A simple Solar Water Heater

The total amount of solar radiation falling on each square meter in the UK is around 1000kWh per year - of this, it should be possible to collect between 25% and 33% . For a typical domestic water heating installation, a total of about 4 sq. metres is considered appropriate.

The amount of water which can be directly heated to a 'usable' temperature is fairly small so it is usually better to use the panel to preheat cold water in a separate tank before it is fed to the main hot water tank. The solar storage tank should be about 50 litres per 1 square meter of panel, however this is not very critical. The tank and all interconnection pipework should be well insulated to avoid loss of collected heat. The best position for the panel (UK) is in an unshaded position angled to face just west of south at about 35 degrees to the horizontal. Other orientations between SE and SW and various tilts from 10 to 50 degrees cause only small reductions in the overall energy collected.

Flat Solar Collector Design

The simple, single panel design shown here uses a standard pressed steel central heating radiator as the solar collector. These are relatively cheap and readily available either as new or second-hand (if using a second-hand radiator panel, remove any decorative paint from the front surface and re-prime as necessary). The thermal efficiency of a collector using a central heating radiator should be comparable with many commercially available designs. However the relatively large water content will make it slow to respond especially at low levels of solar radiation. The panel should be a single panel without fins and with tapped connecting holes at all four corners so that the necessary 'diagonal' flow of water is easily achieved. Other types with only two connections can be used providing that the connections are at diagonally opposite corners. The panel needs to be painted with matt black oil paint to give a high absorbent surface. All pipework within the case should be insulated to prevent collected heat escaping back into the case.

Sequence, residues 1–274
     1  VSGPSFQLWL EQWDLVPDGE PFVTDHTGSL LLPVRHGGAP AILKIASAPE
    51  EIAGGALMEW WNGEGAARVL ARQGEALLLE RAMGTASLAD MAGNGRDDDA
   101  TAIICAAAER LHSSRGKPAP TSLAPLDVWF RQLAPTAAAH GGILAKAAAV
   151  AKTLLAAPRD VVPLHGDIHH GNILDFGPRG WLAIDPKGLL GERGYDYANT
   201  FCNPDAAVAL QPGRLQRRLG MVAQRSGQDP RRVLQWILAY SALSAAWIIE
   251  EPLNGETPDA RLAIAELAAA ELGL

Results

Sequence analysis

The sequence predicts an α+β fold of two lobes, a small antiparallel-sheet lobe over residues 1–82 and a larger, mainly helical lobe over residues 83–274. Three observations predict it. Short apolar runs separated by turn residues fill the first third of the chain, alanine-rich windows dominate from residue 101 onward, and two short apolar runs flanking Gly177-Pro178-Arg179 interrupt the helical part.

The size of collector used in this design is not defined other than by 'h' and 'w', this allows you to build the case to suit your particular size of radiator panel. Try to keep the size of panel about 1 sq. metre or less, larger panel are heavy and can be difficult to handle especially on a roof. If you can build the case in it's final position, the job will generally be easier.

The case for the panel is a simple wooden box made from pressure treated timber (alternatively a good quality timber preservative could be used). Single front cover glazing is shown, using 3mm window glass - for cases over about 1 metre in any direction, use separate pieces of glass, you'll need to add addition glazing support bars across the front of the panel to fix them. Always measure the completed case before you buy the glass and buy it cut to size - leave a 2mm gap around the glass to allow it to expand. The front glazing cover should overhang the lower edge of the case by about 12 mm to allow rain to drain off without running onto the case. Glazing clips fixed to the inside of the lower edge of the box are used to hold the cover in position.

The insulation fitted behind the collector needs to be of a high temperature type as the temperature can reach up to 140 degrees Celsius if the water is not circulated through the panel. Other, cheaper alternative materials (such as polystyrene) are unsuitable as they can shrink or even melt. Air movement between the back of the panel and the insulation should be avoided so make sure that all gaps are filled.